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Simple invertebrates

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Simple invertebrates

  1. 1. The Good, The Bad, and the Spineless
  2. 2. Invertebrate Characteristics • They are all very different from each other • Examples: jellyfish, clams, earthworms, grasshoppers • Have 3 different basic body plans, or types of symmetry • Can be bilateral, radial, or asymmetry (no symmetry at all)
  3. 3. Bilateral: the two sides of its body mirror each other. Radial: Its body is organized around the center, like spokes on a Asymmetrical: cannot wheel draw a straight line to divide its body into two or more equal parts. Its body is not organized around a center.
  4. 4. Neurons and Ganglia • All animals except sponges have special tissues that make fibers called neurons, which allow animals to sense their environment • Neurons also carry messages around the body to control animal’s actions • Simple invertebrates have neurons arranged into a nerve cord • In some, many nerve cells come together as ganglia
  5. 5. • Each ganglion controls different parts of the body •Ganglia are controlled by the brain
  6. 6. • Gut: pouch lined with cells that release chemicals that break down food into small particles • In complex animals, gut is inside a coelom • Coelom: body cavity that surrounds the gut and contains many organs, such as the heart and lungs (but kept separate) • Keeps gut movement from disturbing other body processes
  7. 7. • Sponges cannot move and do not have gut • A sponge sweeps water into its body through its pores • Water flows into cavity in the middle of the body, bringing oxygen and food • Special cells called collar cells line the cavity and filter and digest food
  8. 8. • Water leaves the body through a hole in the top of the sponge called the osculum • Sponges have unusual abilities—if you force it through a strainer, the parts come back together and reform a sponge —called regeneration.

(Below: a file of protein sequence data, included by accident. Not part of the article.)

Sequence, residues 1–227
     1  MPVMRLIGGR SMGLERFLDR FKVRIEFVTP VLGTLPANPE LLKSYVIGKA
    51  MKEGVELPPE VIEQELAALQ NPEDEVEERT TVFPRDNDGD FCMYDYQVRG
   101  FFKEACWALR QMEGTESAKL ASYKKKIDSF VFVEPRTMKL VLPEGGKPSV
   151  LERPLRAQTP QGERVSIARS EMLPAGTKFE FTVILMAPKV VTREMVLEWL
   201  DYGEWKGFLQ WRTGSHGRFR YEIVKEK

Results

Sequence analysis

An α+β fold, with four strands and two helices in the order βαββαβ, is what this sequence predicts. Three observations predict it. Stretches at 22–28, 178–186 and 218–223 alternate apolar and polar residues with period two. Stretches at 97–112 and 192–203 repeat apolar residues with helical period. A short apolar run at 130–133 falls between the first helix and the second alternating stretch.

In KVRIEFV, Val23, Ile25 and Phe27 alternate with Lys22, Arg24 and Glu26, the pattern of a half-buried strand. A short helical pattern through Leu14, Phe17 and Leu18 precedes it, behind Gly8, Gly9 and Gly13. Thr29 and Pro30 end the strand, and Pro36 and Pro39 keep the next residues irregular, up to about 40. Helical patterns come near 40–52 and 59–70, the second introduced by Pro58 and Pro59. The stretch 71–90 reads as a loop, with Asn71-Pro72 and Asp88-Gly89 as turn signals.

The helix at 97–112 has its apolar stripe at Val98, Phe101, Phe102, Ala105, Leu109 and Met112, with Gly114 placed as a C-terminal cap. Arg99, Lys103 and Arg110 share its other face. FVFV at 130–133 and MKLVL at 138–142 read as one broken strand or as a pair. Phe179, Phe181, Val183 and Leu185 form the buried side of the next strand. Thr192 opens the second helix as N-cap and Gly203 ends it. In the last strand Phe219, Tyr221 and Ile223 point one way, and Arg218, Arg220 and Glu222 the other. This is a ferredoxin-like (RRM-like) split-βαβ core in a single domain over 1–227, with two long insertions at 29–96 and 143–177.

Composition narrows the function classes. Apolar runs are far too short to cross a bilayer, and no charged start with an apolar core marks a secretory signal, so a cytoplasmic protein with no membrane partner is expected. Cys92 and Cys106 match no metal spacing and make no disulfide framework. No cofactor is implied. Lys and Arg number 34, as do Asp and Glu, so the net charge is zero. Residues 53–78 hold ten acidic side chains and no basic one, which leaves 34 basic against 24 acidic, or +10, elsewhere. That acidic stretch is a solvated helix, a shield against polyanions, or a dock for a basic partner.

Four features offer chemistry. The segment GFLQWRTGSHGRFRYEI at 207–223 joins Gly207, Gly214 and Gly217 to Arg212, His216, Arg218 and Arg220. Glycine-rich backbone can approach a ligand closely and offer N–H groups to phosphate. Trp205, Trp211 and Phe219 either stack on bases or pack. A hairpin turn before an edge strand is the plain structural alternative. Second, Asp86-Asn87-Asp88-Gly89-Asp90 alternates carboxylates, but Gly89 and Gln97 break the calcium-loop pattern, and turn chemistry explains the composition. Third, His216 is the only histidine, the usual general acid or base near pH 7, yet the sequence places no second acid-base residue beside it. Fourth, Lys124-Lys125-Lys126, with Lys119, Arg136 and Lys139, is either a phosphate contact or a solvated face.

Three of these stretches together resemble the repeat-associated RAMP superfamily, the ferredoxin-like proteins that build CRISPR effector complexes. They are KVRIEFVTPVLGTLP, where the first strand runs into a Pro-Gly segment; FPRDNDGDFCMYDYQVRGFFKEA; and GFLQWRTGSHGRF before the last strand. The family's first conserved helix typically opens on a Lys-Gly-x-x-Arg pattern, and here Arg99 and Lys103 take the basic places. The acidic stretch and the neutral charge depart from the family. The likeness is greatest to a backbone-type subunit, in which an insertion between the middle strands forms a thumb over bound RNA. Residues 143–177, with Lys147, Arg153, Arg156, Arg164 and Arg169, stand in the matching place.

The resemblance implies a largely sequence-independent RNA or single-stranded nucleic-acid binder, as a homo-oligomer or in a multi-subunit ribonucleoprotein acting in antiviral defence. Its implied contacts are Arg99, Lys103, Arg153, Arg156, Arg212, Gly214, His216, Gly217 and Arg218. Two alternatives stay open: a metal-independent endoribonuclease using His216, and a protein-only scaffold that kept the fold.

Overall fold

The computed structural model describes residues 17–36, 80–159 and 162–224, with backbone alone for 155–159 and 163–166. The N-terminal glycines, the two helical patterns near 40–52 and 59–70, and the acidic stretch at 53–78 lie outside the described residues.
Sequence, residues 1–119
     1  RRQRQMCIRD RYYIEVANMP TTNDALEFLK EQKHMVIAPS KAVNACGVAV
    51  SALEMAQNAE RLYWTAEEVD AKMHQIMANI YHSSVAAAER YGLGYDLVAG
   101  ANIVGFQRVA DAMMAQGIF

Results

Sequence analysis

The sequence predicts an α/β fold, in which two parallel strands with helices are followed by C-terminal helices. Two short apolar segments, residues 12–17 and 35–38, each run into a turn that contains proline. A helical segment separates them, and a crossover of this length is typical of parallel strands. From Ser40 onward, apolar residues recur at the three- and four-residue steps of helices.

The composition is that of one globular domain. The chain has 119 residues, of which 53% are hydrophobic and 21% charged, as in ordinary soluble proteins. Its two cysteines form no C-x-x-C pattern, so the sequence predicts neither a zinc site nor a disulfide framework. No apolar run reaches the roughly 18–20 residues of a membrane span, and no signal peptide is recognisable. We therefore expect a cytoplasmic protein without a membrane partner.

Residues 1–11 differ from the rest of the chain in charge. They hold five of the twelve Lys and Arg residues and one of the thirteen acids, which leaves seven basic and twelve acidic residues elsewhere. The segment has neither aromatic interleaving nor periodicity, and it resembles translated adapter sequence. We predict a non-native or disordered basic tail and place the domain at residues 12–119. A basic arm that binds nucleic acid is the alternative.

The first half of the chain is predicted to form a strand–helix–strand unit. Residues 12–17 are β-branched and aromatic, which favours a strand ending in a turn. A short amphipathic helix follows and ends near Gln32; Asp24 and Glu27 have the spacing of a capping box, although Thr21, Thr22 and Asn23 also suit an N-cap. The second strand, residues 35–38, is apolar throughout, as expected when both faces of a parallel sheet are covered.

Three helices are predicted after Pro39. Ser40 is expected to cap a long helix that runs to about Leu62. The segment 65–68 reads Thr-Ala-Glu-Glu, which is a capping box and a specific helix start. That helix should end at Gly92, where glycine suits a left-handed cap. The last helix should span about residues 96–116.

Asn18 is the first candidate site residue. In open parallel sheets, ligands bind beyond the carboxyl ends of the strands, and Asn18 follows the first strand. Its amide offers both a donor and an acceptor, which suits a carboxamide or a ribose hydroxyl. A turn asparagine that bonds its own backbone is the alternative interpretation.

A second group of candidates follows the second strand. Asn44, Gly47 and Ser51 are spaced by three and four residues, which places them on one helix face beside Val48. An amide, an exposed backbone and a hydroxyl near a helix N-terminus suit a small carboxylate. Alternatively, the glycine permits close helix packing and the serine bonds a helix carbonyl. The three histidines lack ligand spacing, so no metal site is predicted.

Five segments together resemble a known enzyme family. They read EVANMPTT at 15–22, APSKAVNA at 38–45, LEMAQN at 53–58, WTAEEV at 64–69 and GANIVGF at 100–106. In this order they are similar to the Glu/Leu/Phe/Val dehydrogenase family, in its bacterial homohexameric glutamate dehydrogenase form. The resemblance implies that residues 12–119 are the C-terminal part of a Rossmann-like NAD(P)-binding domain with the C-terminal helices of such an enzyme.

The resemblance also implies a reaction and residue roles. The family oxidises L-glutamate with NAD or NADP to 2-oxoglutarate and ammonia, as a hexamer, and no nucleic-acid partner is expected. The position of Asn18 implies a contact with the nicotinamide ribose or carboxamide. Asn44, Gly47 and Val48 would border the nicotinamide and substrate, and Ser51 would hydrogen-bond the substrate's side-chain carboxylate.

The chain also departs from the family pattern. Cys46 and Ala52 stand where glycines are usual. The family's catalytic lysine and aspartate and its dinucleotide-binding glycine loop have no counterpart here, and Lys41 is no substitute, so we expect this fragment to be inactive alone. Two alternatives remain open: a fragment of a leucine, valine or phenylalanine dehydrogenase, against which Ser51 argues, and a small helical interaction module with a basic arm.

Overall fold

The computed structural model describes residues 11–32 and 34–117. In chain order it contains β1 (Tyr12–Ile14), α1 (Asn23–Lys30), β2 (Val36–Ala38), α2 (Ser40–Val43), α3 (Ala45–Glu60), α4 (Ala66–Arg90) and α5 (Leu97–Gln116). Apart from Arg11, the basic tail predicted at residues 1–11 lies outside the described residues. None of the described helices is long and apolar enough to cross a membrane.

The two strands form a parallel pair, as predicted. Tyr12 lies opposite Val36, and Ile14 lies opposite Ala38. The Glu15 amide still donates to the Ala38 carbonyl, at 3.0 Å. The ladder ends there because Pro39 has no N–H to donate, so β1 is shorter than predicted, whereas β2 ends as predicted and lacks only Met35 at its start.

9. 9. • A sponge’s skeleton supports its body and helps protect it from predators • Most sponges have skeleton made of small, hard fibers called spicules – Some are straight, curved, or have complex star shapes • Sponges are divided into groups based on kind of skeleton it has
  10. 10. • Cnidarians – Invertebrates with stinging cells – Just like sponges, if the body cells are separated, they can come back together to re-form the cnidarian – Two body forms • Medusa: swim through water • Polyps: usually attach to surface
  11. 11. POLYPS SA DU ME
  12. 12. • All cnidarians have tentacles covered with stinging cells • When an organism brushes against the tentacles, it activates hundreds of stinging cells • Each stinging cell uses water pressure to fire a tiny, barbed spear into the organism • The tiny spears can release a painful—and sometimes paralyzing—poison into their targets
  13. 13. • Cnidarians use their stinging cells to protect themselves and to catch food
  14. 14. 1. Hydrozoans: spend entire life as polyp 2. Jellyfish: spend of life as medusas, and catch food in tentacles 3. Sea anemones and corals: 1. Spend their lives as polyps 2. Often brightly colored
  15. 15. • Simplest worms are flatworms Flatworms • All flatworms have bilateral symmetry • Many have a clearly defined head and two large eyespots (can sense direction of light) • Some have bumps on side of head called “sensory lobes”, used for detecting food • Three major classes: – Planarians and marine flatworms – Flukes – Tapeworms
  16. 16. • Planarians – Life in freshwater lakes and streams – Most are predators – Its head, eyespots, and sensory lobes are clues that it has a well-developed nervous system
  17. 17. • Flukes – Parasites – Most live and reproduce into bodies of other animals – Flukes have tiny heads without eyespots or sensory lobes – Have special suckers and hooks for attaching to animals
  18. 18. • Tapeworms – Small head with no eyespots or sensory lobes – Live and reproduce in other animals – Feed on these animals as parasites – Tapeworms do not have a gut—they just attach to intestines of another animal and absorb nutrients
  19. 19. Roundworms • Have long, slim, round bodies (bilateral symmetry) and a simple nervous system • Most species are very small: a single rotten apple could contain 100,000 roundworms! • Some break down dead material, others are parasites • One roundworm causes the disease trichinosis

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